Posts from the ‘radiation’ Category

Home Again

Today’s blog is not for the faint of heart or stomach, o fearless readers.   So finish your sandwich or latte and come back when it’s well digested.

You were warned.  🙂

So Monday I went to the hospital and spent most of the day under anesthesia while my surgeons did the complete right mastectomy (pathology was clear on that by the way, yay!) and created a couple of  frankenboobs in their place.  Something I did this time around was look for as many pictures of my procedure as I could so I had a pretty good idea what to expect.  There is a thread on the Young Survival Coalition bulletin board that I highly recommend to people that is devoted to reconstruction.  Brave young women post anonymous pictures of themselves at various stages of their reconstruction so that people like me can get a better idea of what it really looks like.  I plan to post mine as well (though I forgot to take a “before” picture).  Paying it forward and all.  So basically my surgeons are very pleased with how the skin looks (I sort of think frankenlefty looks like a baseball.)  And based on the pictures I saw, my recon is right on schedule.

My chest feels pretty tight (ironically like I’m wearing a bra).  The expanders are in place and I’m pretty sure the plastic surgeon said frankenrighty is already 2/3 expanded.  I have a bazillion medicines to take and I have to admit it freaks me out a little.  I made the rookie mistake of taking 4 ibuprofen at the same time as 2 percocet.  My stomach quickly reprimanded me for that.  I have to give myself  a shot of blood thinner every day.  Which also freaks me out a bit.  Better that than clots though.

As usual, I felt like I received great care at our local hospital.  My room was huge.  Corner suite (or “isolation room” as they call it.)  Apparently word got out about what a scary patient I am.  Grins.  By Wednesday I was regularly walking laps around the cancer ward (I started calling it the Poop Loop.  Anyone who has had surgery can figure that one out.)  The hospital was testing their alarm system on Thursday.  Woo.  One time the alarm was Code Red, so I stuck my head out the door and asked the nurses if we were supposed to be walking out single file.  You can take the teacher out of the school and all…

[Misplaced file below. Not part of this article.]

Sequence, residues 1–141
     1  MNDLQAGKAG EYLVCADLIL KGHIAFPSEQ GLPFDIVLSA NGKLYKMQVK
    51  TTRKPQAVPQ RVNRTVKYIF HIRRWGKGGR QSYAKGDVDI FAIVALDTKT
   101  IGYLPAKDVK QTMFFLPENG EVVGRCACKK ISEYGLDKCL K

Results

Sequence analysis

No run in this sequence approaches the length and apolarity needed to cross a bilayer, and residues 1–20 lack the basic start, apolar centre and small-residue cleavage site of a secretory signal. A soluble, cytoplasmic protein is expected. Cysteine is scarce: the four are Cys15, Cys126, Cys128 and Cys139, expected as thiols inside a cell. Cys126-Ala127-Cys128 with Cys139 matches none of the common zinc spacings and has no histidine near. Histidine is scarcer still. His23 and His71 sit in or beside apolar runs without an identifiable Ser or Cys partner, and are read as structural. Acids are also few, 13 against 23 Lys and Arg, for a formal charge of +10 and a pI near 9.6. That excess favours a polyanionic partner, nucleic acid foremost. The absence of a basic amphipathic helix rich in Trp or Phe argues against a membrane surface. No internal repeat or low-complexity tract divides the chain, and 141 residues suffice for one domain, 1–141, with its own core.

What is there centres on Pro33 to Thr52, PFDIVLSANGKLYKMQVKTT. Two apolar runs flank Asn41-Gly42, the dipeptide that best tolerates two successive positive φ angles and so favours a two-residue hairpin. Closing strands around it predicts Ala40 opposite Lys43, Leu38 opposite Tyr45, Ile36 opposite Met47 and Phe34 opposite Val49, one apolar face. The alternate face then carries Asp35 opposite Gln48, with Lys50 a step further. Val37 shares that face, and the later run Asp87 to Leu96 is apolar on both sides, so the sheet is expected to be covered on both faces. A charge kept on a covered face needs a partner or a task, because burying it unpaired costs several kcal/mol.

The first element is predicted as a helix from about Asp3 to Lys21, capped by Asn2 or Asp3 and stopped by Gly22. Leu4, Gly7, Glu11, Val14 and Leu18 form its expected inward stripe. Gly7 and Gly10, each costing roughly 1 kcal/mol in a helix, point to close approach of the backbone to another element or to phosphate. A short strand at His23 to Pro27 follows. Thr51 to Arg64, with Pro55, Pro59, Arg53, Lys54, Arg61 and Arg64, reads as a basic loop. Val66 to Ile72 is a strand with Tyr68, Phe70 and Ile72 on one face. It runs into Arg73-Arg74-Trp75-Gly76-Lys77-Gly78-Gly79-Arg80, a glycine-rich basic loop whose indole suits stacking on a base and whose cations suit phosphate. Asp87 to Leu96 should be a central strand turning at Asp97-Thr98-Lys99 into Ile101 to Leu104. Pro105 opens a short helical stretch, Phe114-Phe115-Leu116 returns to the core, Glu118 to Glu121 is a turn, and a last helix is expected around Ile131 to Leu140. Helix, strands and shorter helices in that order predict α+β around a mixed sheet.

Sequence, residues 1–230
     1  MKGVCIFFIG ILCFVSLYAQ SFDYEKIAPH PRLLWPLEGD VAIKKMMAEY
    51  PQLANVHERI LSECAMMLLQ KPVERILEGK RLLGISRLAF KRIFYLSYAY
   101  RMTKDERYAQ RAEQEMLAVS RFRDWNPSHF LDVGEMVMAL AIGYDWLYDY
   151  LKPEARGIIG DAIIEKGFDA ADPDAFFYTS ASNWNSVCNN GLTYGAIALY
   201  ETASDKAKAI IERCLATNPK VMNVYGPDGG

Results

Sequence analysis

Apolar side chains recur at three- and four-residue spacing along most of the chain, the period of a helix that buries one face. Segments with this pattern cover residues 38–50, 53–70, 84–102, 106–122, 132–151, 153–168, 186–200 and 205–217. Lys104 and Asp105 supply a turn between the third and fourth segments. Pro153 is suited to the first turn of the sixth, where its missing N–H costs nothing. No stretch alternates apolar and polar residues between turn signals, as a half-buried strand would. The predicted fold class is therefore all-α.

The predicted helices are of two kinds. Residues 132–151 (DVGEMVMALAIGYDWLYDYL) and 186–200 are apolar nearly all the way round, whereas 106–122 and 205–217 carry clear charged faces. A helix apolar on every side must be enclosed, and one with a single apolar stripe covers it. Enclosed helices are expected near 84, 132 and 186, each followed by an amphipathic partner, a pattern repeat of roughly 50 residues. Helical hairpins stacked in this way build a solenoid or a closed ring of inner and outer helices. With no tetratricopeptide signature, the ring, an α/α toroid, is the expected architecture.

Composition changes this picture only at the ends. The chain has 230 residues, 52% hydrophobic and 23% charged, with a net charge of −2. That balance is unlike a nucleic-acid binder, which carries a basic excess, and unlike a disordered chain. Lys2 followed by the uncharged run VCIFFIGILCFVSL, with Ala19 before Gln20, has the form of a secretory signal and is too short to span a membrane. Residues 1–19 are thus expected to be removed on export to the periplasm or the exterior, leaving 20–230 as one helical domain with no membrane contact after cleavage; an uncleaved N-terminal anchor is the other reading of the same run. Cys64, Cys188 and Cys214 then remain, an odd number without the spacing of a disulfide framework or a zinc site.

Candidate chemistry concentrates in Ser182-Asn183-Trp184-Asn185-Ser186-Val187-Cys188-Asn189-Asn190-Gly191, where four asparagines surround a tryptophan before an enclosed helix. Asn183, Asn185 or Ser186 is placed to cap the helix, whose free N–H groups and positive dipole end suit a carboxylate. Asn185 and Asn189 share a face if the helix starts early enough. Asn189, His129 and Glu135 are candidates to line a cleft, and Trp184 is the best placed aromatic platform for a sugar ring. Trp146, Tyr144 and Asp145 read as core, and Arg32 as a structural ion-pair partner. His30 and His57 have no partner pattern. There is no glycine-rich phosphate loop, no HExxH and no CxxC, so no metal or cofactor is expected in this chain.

So lots of people came to visit me at the hospital and I thank everybody who came by 🙂  I had been trying to figure out whether to put my compression sleeve back on and my physical therapist (thanks for visiting!) reminded me that I actually have 4 drains on that side right now and that my arm is probably at an all time low in terms of edema.  Which it was.  I could actually slip all the identification bands off my left arm without cutting them by Thursday.  

So I have 6 drains that I will probably have for a while.  Last time I only had 2 and I had them for weeks.  I still think it’s kind of weird that we have to drain and measure the liquid every day. 

So anyway, that’s what I’m doing, where I’ve been.  I am glad to be home again.

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Perspective

It’s a funny thing how things can change over time. 

When I was first diagnosed, I blogged about my visit to the plastic surgeon.  Weirdly, I was scheduled to see him 2 days after finding out I had cancer.  Looking back now, I realize I was in shock.  I still HAD Lefty and couldn’t even wrap my mind around the idea that it would be gone in a matter of weeks.  Reconstruction was the least of my worries.  I wanted to live, and part of my body was trying to kill me.  I just wanted it gone.  I wrote about how I didn’t care if I was ever reconstructed. 

Now here I am, a year later, not dead.  With lymphedema.  And a cute haircut.  And much disdain for my prosthesis.  Flefty likes to wander up into my armpit.  Which is very attractive.  Most people ask if they have anything in their teeth before going on stage.  I have to ask if the girls are straight.  (Sorry about all the euphemisms, but I’m trying to avoid pRon spam.)  Flefty is hot in a non-sexy way.  And no longer matches Righty.

I’ve also had a lot of time to ponder whether to get Righty removed.  It would help lower my cancer recurrance rate (which is about 60 to 70 percent right now.)  It would probably help my stress level since the need for extensive mammograms would be eliminated.  One less scan, right?  It’s also my best chance for both sides to match, recon or not.